Moving Average on Trend in OnPing – Create a Virtual Parameter and Analyze Static Pressure Tutorial

This guide will explain step by step, how to make a virtual parameter and demonstrate how it can be used to derive statistical properties from existing parameters.

Create a Trend #


Open the dashboard and begin by selecting ‘Edit Dashboard’.

Next, select ‘Add Widget’ to incorporate a line graph.

In the Graphs, Line Graph section, select the ‘Add’ button.

Assign a descriptive title to the line graph. For instance, if adding static pressure, title it appropriately to reflect its content, for example, ‘Static Pressure and Average Static Pressure’ is used for the graph title, the object is renamed to ‘Static Pressure’, and the Axis Label is updated to ‘PSI’.

Proceed to include the desired parameter by selecting the ‘Add parameter’ button.

In the following example, a parameter from the demo site is used. Specifically from the ‘Oil and Gas Demo’ site and ‘Plow Demo’ company, the parameter ‘Totalflow FIT-204C Static PSI’ is selected.

In the example, the time range is adjusted to seven days and the thickness is set to ‘3’ for a denser trend appearance. Once satisfied with the settings, save the changes.

This results in a seven-day overview display of the static pressure on the graph.

After the save operation, select ‘Exit Edit Dashboard’.

The creation of a seven-day trend overview for static pressure is now complete. The next step involves adding an average static pressure to smooth the data visualization.

Add a Virtual Parameter #

A virtual parameter will be created to add an average static pressure. To overlay a virtual parameter on the graph, first create one. Begin by selecting the bookmark icon, then navigate to ‘Virtual Parameters’.

Proceed to ‘Create Virtual Parameter (Inferno)’ on the left-hand side menu pane.

Search for a ‘24HourAverage’ option, select it, and confirm by clicking the ‘Select’ button.

In the example parameter is named ‘Static Pressure 24hr Average’ to indicate its purpose of smoothing the data view. The description is ‘A rolling average to smooth out our view.’. The resolution setting is not a concern, as it is already configured in the graph. After the required configuration is finished, select ‘Assign Parameter’.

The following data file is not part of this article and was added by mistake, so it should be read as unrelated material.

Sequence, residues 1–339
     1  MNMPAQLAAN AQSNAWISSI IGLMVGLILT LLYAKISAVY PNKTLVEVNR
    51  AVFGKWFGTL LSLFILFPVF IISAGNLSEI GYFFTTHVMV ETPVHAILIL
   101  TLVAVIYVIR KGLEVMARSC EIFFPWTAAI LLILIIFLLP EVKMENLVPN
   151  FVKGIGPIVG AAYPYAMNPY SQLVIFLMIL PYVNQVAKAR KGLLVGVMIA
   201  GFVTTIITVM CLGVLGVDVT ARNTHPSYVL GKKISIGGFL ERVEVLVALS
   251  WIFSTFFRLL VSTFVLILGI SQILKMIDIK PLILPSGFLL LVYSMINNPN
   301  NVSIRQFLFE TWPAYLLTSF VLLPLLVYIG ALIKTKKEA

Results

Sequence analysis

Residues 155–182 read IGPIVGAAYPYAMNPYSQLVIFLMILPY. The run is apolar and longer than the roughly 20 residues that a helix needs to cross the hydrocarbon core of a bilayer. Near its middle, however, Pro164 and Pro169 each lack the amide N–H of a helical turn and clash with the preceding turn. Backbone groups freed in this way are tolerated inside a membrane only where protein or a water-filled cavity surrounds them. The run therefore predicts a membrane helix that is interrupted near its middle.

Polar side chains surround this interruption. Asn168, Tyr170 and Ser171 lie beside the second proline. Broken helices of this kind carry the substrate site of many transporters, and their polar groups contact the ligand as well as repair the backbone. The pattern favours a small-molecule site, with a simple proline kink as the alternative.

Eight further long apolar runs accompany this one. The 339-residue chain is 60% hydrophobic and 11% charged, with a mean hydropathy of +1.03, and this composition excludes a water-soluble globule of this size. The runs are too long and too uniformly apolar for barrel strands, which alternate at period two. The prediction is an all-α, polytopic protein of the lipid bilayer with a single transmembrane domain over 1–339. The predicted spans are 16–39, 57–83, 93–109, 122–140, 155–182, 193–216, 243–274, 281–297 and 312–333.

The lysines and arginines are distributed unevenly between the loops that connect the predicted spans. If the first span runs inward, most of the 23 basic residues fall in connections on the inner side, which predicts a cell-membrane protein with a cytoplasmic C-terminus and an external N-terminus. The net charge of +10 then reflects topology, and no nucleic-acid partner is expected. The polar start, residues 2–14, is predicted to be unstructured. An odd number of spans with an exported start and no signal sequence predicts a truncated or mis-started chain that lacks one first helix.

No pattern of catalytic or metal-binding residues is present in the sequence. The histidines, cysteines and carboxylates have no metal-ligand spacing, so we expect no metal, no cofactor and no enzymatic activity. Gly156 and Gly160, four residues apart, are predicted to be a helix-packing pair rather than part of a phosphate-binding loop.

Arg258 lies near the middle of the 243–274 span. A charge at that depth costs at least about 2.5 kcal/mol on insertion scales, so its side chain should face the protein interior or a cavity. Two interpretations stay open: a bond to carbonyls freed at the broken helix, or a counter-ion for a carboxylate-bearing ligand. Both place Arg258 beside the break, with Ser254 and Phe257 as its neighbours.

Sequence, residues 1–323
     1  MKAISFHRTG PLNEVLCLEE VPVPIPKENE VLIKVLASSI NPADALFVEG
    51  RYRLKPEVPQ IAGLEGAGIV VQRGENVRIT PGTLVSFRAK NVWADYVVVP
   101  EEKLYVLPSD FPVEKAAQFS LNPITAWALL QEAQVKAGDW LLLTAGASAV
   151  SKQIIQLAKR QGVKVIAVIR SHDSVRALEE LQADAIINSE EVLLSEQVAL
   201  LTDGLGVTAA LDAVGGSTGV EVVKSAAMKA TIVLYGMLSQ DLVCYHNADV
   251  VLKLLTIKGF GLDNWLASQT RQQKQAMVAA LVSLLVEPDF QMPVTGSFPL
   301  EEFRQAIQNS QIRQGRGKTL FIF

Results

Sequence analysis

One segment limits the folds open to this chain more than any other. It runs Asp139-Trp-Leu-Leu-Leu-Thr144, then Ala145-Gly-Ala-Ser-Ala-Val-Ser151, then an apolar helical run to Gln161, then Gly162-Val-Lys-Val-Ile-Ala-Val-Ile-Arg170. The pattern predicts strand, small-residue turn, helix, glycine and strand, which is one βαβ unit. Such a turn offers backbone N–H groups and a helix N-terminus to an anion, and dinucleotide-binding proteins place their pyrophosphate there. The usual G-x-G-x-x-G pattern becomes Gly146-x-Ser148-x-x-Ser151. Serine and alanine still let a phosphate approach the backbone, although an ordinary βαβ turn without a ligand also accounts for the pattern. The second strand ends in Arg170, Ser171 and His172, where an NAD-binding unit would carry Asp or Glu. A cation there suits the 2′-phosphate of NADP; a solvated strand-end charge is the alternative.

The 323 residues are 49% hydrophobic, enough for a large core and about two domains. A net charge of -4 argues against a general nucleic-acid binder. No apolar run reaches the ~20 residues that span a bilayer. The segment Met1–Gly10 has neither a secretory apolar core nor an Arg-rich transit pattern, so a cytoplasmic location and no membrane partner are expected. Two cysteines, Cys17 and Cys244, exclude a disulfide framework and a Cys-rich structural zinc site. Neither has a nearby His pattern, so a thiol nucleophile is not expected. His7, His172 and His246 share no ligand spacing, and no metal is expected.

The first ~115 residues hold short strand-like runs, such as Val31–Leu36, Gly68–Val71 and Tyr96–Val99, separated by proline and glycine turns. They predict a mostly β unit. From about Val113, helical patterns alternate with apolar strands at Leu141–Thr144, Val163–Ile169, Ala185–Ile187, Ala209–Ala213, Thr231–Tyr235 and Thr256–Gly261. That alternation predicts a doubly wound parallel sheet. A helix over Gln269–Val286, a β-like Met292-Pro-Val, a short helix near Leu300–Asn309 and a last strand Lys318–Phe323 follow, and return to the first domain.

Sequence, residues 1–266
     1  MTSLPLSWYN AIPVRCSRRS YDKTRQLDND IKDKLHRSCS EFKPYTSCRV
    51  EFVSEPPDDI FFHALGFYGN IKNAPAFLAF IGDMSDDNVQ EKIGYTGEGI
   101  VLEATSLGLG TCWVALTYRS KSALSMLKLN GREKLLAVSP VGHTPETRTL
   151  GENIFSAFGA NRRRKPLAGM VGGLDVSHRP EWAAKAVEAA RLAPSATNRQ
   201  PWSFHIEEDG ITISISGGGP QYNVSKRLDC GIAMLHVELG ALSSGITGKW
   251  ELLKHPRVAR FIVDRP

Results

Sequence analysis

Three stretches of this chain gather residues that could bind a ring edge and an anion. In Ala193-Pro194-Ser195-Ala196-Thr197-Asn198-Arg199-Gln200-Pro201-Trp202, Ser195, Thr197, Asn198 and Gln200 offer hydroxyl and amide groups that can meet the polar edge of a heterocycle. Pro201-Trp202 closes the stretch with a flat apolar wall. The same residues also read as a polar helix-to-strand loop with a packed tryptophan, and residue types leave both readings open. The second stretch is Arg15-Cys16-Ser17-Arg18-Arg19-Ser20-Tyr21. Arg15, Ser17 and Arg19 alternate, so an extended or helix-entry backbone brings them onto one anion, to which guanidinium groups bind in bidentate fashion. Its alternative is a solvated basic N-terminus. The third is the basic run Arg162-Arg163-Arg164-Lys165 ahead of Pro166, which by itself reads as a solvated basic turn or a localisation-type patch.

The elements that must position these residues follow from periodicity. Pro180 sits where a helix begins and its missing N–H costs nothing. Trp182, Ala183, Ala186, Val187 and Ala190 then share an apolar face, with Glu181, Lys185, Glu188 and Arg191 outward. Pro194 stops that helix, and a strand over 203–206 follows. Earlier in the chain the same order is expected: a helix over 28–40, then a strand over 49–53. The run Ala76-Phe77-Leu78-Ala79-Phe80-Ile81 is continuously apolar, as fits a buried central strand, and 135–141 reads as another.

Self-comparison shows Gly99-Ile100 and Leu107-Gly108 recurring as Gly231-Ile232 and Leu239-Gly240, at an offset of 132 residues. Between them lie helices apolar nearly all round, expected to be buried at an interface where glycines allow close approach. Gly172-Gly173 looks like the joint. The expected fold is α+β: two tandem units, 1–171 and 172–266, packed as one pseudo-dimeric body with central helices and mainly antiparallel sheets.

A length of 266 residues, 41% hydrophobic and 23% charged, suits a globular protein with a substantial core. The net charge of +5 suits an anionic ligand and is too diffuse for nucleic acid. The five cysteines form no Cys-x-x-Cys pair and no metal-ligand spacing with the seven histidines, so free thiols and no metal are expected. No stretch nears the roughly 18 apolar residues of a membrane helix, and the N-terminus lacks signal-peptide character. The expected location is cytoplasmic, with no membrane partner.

Select the previous parameter. In the following example, the ‘Totalflow FIT-204C Static PSI’ parameter from the ‘Plow Demo’ company and the ‘Oil and Gas Demo’ site is used.

Test the newly created parameter for functionality by selecting the ‘Test’ button.

The result appears sufficient.

Proceed to save the changes.

Initiate a trend and run a test to ensure proper functionality, by selecting the ‘Trend & Run Event Table’ button.

Select the clock icon to trigger a trend display.

The 24-hour average is displayed alongside the data from the last hour, presenting a comprehensive view.

Having verified the setup, it’s time to integrate this into the graph. Click on the ‘OnPing’ in the left-hand side menu pane, to return to the dashboard screen.

To edit the graph select the wrench icon.

Navigate to ‘Add Parameter’ to include the newly created static pressure.

Select the ‘Static Pressure 24hr Average’ that was created, it is located under the same category as the original parameter. Notice the ‘VP’ indicator that indicates this is a virtual parameter. Select the ‘Confirm selections’ button.

Adjust the ‘Stroke Width’ setting for the virtual parameter to ‘3’ which enhances its visual appeal. In the example, the color was adjusted to the shade of yellow. Save these modifications for an updated graph presentation, by selecting the ‘Save Graph’ button.

Select the wrench icon to access the dashboard screen.

The setup includes the original ‘Totalflow FIT-204C Static PSI’ parameter, now augmented with a 24-hour average.

Conclusion #

Creating a virtual parameter enhances data visualization by providing a smoother view. For example, tracking static pressure over different periods showcases a trend history. The unique aspect of virtual parameters is their real-time calculation upon graph loading, hence the term ‘virtual’. These parameters are not stored but derived from existing data, like static PSI. This allows for on-the-fly, dynamic calculations, with averaging being a common application. Such functionality enables diverse computational possibilities.


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